Coping is often seen as a good thing. But might it actually be bad for you? Coping mechanisms often hide underlying issues, and when left untreated, can cause more harm than good. Dr. David Hawkins helps us understand what are the harmful effects of coping.
What Are the Harmful Effects of Coping?
In the realm of narcissistic victim syndrome, there is an aspect that demands attention and understanding. Victims of emotional and narcissistic abuse often find themselves gradually accepting their abusive circumstances. They do so as a means of adapting to a highly abusive environment.
This article delves into the concept of coping, shedding light on its three synonymous components: coping, adapting, and accommodating. While these terms are generally associated with resilience, their application in the context of emotional and narcissistic abuse can have detrimental effects on the victim. By exploring the harmful effects of coping, it becomes evident that true healing and transformation require intervention and a willingness to confront the truth.
The Insidious Nature of Abuse
The insidious nature of emotional and narcissistic abuse is comparable to the frog in the kettle story. Similar to the water gradually heating up, the abuse seeps into the victim’s life in subtle ways. Hyper-criticism, the abuse of power and control, and other forms of mistreatment become normalized over time. Unfortunately, due to their pervasive nature, these acts of abuse often blend into the background of everyday life. Victims, in an attempt to cope, unknowingly allow the abusive behaviors to persist without realizing the damage being done.
The Three Synonyms: Coping, Adapting, and Accommodating
When examining the experience of victims, three words stand out as synonyms for coping: adapting and accommodating. Victims employ these strategies to create a semblance of normalcy in their lives. However, upon closer examination, it becomes clear that adapting, coping, and accommodating to harsh realities do not lead to thriving.
Adapting to harsh realities implies accepting and adjusting to an abusive situation, which inherently stifles personal growth. Coping with harsh realities involves enduring and managing the abusive behaviors, but it does not allow for true flourishing. Accommodating harsh realities means tolerating and enabling bad behavior, ultimately undermining the victim’s well-being and self-worth. In healthy contexts, these coping mechanisms can be beneficial, but when applied to emotional and narcissistic abuse, they perpetuate a cycle of harm.
The Dark Side of Coping
While society often praises individuals who cope well with adversity, coping with emotional and narcissistic abuse takes a toll on victims. The coping mechanisms employed to survive in an abusive environment hinder the victim’s ability to heal and thrive. Enduring emotional abuse, critical behavior, power and control dynamics, and dismissive attitudes can erode the victim’s emotional, physical, and spiritual well-being.
The Importance of Intervention and Truth
Recognizing the harmful effects of coping is crucial for victims seeking to break free from the cycle of abuse. Rather than adapting, coping, or accommodating, victims should strive for change and transformation. Seeking intervention becomes imperative to facilitate healing and significant shifts in their circumstances.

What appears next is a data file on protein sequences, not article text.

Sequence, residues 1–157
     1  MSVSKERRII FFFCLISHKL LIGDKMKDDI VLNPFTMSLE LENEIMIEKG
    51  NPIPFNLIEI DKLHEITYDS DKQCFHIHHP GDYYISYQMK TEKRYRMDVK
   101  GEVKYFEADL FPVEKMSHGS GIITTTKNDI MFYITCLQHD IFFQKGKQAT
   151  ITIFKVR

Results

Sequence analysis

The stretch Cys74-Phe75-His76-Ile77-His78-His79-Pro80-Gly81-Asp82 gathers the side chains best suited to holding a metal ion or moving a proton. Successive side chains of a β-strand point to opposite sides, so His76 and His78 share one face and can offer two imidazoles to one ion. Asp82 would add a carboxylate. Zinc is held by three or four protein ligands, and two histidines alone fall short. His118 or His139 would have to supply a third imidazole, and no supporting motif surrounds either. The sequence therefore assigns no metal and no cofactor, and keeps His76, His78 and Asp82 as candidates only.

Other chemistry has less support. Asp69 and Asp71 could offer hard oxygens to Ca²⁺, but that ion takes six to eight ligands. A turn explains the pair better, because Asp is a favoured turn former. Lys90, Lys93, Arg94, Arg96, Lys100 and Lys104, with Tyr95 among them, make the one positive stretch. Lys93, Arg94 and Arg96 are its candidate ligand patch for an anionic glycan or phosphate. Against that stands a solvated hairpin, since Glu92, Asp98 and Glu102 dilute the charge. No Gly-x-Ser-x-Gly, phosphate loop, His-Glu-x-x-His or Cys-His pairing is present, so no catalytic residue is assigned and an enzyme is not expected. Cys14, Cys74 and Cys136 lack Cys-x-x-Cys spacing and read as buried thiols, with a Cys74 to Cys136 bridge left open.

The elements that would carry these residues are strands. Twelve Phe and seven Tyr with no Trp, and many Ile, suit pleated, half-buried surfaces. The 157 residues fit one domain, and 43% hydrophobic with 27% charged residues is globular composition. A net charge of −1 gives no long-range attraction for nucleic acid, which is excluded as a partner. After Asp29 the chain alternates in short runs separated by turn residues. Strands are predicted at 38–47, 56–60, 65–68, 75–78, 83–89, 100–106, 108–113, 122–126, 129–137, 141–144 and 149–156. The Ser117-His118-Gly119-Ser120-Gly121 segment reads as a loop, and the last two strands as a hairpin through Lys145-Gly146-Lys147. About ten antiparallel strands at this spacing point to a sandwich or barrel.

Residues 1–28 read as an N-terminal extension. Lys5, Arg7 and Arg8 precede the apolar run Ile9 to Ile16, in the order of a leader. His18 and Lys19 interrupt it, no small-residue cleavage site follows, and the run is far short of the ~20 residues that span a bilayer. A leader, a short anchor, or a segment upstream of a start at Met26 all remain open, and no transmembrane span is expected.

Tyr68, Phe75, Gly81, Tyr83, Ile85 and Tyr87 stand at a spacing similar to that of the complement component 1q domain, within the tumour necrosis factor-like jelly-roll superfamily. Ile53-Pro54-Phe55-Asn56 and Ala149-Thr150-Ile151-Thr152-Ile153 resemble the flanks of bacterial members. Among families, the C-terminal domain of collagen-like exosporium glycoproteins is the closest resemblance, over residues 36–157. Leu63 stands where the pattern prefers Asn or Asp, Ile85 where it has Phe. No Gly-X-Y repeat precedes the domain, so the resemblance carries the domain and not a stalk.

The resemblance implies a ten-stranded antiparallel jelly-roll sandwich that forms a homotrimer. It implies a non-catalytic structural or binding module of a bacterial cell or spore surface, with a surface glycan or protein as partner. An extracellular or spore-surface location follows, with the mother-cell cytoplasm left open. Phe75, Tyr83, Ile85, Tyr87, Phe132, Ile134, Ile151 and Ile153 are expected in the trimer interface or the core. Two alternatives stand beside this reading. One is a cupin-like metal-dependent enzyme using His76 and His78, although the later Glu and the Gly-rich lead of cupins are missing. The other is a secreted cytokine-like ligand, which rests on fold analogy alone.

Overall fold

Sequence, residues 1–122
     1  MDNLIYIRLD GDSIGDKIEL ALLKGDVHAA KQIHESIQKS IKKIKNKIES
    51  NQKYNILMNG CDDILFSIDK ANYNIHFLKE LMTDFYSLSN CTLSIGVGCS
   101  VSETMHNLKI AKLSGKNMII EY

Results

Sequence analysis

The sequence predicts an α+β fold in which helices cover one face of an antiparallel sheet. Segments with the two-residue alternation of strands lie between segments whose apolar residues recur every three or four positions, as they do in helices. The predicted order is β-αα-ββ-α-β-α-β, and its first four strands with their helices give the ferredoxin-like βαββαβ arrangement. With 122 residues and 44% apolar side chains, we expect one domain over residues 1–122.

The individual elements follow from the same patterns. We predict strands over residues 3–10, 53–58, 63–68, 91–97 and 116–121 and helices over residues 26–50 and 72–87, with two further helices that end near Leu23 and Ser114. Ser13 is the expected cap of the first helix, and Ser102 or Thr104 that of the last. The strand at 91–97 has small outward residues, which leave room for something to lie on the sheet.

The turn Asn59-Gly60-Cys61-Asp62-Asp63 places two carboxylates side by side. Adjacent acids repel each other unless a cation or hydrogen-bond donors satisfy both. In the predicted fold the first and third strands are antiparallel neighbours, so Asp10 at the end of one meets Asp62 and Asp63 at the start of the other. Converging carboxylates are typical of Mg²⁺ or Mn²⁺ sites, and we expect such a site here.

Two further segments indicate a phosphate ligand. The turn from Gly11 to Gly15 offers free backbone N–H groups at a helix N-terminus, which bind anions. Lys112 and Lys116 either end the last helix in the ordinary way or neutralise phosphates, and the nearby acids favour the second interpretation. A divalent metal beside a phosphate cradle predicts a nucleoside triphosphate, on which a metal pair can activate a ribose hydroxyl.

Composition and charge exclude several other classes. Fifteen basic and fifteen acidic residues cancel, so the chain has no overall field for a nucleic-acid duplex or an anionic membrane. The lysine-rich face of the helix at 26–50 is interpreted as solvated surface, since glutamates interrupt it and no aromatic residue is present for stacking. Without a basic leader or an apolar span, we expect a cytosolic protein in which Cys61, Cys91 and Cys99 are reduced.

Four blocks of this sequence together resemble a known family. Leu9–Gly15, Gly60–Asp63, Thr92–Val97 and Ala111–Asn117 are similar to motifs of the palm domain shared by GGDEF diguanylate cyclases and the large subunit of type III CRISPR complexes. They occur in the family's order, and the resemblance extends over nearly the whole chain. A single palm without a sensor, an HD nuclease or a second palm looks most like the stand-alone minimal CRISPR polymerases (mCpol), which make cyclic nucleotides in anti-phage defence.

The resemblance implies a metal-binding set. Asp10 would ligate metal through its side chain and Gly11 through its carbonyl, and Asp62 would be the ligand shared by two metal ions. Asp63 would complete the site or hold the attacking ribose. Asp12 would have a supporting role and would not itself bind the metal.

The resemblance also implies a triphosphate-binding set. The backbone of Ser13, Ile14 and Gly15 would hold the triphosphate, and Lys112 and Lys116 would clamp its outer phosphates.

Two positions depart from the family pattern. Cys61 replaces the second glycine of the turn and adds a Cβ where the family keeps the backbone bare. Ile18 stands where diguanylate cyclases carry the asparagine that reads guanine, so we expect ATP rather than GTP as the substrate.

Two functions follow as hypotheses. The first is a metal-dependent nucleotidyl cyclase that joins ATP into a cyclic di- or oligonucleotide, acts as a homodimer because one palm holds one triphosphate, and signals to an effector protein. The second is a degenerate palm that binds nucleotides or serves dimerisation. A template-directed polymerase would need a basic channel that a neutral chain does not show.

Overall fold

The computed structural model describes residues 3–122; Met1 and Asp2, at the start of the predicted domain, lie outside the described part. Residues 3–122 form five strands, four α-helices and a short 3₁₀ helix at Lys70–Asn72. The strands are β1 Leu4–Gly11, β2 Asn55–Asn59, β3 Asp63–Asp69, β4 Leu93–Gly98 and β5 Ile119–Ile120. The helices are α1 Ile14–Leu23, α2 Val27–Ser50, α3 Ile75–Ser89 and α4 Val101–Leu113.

Facing the truth about the abusive situation can be daunting. It requires victims to be brutally honest with themselves, acknowledging the reality of their experiences. Professional help, such as therapy or counseling, can provide the critical guidance needed to navigate these challenges. Therapists, like Dr. David Hawkins, possess the expertise to identify abusive patterns, offer healthy feedback, and guide victims towards a path of healing and change.
Understanding the harmful effects of coping in the face of emotional and narcissistic abuse is vital for both victims and perpetrators. By accommodating, adapting, and coping, victims inadvertently perpetuate the cycle of abuse, preventing personal growth and healing. Instead, intervention and confronting the truth about the abusive situation offer a way forward. Through professional guidance and support, victims can break free from harmful coping mechanisms, leading to significant change and the possibility of a healthier and more fulfilling life.
About Dr. Hawkins:
The internet is inundated with hyperbole and misinformation about narcissism, leaving many people confused and hopeless. Get the facts on narcissism and emotional abuse from someone who has been researching, writing about and treating narcissism and emotional abuse for over a decade.
Dr. Hawkins is a best-selling author and clinical psychologist with over three decades of experience helping people break unhealthy patterns and build healthier relationships.
He is the founder and director of the Marriage Recovery Center and the Emotional Abuse Institute which offers education, training and counseling for people who want to break free of, and heal from, emotional abuse. Whether the perpetrator of the abuse is your spouse, partner, parent, boss, friend or family member, we offer practical advice for anyone trapped in a toxic, destructive relationship.
In addition to narcissism & emotional abuse, you’ll learn about the lesser known forms of abuse, including covert abuse, reactive abuse, spiritual abuse, secondary abuse, relationship trauma and much more.